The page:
More specifically applicable to this Chapter, Professors Christopher Serkin and Richard Schragger have warned against state preemption of local zoning power. Serkin explains that municipal zoning restrictions protect the expectations of residents by regulating the pace at which neighborhood change occurs; zoning restrictions also allocate the costs of new development to newcomers.154 Schragger takes a different tack, writing against state preemption because it has previously failed to make housing more affordable, it has a fundamentally free-market orientation, and it does not get at the core cause of housing segregation.155 As he points out, Houston proves problematic for those advocating for zoning deregulation;156 although the city employs little land use regulation, its extensive sprawl is characterized by single-family homes and a lot of driving.157 Why, Schragger asks, should we advocate for zoning-preemptive policies if the result will be a country full of Houstons?
These critiques merit attention. The idea that strong state preemption favors conservative policymaking is particularly worryisome for those concerned about climate change. The best response to this problem is likely that state preemption of municipal law should be used sparingly and only under certain conditions or for certain types of policy problems. Advocates may want to reserve preemption, as Professor Paul Diller proposes, for when it is “the product of a credibly majoritarian lawmaking process.”158 Or advocates might reserve preemption for problems with negative statewide effects,159 problems that, because of collective action dynamics, a municipality will not address on its own. In other words, statewide preemption may be desirable when individual municipalities make decisions that impose costs on other municipalities, costs that the acting municipalities have no reason to internalize and for which voluntary regional cooperation is therefore infeasible.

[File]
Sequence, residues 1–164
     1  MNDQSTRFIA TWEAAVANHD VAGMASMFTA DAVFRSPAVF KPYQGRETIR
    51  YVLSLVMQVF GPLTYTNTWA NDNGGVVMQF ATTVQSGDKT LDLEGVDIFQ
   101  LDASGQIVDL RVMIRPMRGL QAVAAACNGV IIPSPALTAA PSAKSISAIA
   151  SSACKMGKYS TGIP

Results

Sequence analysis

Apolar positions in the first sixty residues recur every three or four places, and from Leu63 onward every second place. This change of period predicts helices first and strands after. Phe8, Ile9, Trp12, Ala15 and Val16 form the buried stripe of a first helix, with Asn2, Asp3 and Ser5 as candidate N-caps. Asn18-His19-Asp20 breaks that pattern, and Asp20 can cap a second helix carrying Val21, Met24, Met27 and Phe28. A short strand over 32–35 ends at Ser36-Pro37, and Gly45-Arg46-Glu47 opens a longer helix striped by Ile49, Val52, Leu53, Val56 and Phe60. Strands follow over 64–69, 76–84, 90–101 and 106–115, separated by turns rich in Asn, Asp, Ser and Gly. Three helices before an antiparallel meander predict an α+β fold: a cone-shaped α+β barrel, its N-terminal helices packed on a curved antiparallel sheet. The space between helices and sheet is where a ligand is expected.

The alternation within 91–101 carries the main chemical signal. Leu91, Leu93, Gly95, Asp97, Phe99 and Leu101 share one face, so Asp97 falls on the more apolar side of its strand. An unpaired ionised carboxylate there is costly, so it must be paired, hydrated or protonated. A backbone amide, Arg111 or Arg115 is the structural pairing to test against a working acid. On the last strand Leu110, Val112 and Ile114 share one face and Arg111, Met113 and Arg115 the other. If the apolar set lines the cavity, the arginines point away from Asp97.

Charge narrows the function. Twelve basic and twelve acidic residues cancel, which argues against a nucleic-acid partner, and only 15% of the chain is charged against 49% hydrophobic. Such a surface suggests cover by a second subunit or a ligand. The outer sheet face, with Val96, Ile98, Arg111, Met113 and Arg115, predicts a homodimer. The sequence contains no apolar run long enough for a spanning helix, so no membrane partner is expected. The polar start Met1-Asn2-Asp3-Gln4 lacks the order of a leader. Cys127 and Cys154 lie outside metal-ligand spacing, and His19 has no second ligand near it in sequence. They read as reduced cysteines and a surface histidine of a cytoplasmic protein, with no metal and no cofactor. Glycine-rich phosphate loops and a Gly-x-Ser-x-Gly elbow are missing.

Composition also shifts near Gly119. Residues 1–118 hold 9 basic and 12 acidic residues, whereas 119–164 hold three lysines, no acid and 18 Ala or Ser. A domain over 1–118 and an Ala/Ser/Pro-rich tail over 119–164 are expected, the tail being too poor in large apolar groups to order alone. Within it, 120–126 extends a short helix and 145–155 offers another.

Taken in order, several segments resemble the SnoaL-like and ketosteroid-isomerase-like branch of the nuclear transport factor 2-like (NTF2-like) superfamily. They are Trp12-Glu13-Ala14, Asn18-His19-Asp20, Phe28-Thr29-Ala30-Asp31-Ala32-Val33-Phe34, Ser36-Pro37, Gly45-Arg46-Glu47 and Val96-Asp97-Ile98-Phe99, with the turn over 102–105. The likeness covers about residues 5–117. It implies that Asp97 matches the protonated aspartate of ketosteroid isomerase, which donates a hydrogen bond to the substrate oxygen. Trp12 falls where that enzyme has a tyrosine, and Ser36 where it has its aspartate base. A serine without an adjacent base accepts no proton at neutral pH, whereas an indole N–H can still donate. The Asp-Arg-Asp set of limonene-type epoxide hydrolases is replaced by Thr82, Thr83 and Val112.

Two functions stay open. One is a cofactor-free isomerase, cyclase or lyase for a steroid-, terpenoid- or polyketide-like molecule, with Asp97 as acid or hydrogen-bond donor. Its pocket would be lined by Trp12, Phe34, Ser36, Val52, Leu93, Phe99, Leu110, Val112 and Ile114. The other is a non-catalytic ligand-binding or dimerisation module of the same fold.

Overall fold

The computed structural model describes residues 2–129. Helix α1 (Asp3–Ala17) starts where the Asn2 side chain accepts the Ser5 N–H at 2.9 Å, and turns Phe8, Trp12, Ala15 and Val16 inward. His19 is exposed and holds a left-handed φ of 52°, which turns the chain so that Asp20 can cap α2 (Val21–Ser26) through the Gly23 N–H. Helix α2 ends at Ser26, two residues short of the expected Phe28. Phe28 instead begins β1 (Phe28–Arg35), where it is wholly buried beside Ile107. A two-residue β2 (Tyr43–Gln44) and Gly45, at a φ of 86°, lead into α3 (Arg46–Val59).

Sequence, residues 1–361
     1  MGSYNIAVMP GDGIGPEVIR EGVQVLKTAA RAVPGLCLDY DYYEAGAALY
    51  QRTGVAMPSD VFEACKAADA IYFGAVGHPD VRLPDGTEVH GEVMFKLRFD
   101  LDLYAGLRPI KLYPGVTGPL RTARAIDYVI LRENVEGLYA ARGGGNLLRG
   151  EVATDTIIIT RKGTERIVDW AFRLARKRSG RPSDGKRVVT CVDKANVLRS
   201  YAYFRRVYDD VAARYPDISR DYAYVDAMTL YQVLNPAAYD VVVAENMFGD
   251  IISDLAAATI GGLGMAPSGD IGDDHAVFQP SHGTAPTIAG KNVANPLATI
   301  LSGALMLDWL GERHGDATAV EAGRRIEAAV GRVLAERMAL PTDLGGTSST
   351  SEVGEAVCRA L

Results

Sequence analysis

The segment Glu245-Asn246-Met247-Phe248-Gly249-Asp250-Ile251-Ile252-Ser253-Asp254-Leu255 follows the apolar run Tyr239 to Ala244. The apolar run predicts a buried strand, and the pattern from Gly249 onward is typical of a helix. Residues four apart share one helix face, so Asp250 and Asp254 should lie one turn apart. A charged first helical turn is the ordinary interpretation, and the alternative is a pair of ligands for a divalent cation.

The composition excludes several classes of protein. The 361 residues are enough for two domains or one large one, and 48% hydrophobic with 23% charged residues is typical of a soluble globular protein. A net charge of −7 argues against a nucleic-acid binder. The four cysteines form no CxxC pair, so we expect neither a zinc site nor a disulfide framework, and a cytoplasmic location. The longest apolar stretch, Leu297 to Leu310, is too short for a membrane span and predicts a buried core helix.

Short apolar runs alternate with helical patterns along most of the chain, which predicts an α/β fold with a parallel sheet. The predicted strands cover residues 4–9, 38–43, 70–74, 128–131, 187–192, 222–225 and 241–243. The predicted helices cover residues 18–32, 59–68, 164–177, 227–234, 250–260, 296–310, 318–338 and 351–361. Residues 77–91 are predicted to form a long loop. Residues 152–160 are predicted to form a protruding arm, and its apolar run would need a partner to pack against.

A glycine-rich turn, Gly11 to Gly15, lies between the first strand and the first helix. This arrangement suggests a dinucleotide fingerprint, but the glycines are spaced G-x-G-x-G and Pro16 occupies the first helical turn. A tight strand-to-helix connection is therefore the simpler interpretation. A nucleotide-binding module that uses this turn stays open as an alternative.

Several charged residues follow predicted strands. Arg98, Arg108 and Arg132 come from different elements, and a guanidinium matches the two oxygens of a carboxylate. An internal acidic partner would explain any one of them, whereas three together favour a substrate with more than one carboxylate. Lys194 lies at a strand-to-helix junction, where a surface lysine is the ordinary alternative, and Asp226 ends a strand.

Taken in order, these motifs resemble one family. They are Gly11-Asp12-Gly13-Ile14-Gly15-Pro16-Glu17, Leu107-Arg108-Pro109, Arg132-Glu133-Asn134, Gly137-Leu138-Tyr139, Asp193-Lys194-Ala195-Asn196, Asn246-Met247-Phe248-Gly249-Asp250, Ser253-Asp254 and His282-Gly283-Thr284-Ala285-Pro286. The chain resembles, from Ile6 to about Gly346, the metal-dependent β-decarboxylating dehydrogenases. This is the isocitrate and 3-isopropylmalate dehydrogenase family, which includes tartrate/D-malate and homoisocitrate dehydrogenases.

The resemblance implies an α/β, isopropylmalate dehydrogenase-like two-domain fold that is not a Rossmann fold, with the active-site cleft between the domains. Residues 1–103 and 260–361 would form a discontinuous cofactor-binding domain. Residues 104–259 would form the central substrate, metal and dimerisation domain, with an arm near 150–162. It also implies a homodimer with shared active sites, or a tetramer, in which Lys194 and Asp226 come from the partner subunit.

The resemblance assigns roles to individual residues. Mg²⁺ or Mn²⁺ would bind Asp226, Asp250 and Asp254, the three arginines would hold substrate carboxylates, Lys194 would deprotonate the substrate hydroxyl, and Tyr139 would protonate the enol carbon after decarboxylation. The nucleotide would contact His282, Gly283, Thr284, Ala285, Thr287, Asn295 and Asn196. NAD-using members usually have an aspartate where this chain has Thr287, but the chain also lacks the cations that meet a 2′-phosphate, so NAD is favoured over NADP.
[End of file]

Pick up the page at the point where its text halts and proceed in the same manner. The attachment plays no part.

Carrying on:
Zoning appears to satisfy these requirements. First, it possesses statewide spillover effects; even ignoring its impact on climate,160 the less housing one town offers, the more others will need to provide to satisfy the population’s housing needs. Motivated cities can — and do — pass ordinances designed to increase housing density.161 But big cities need surrounding suburbs to ease their housing burden. One of the reasons why cities like Boston are so expensive is because their suburbs do not take their fair share of the metropolitan population.162
Second, it is unlikely that individual municipalities will be motivated to change the status quo. The zoning actions of one town are unlikely to produce enough additional housing to meaningfully lower either housing costs or GHG emissions. This collective action problem is worsened by the fact that the constituents who are lucky enough to own single-family housing are unlikely to vote against their own perceived interests to increase the supply of housing in their communities.163 These “homevoters,” who are overrepresented in local governments,164 tend to oppose any action that might endanger home values, such as the construction of multifamily housing.165 Zoning is therefore different from other policy areas in which a municipality’s voters feel at least some of the costs of their actions, such as when residents of a town that permits fracking experience noxious smells and water contamination.166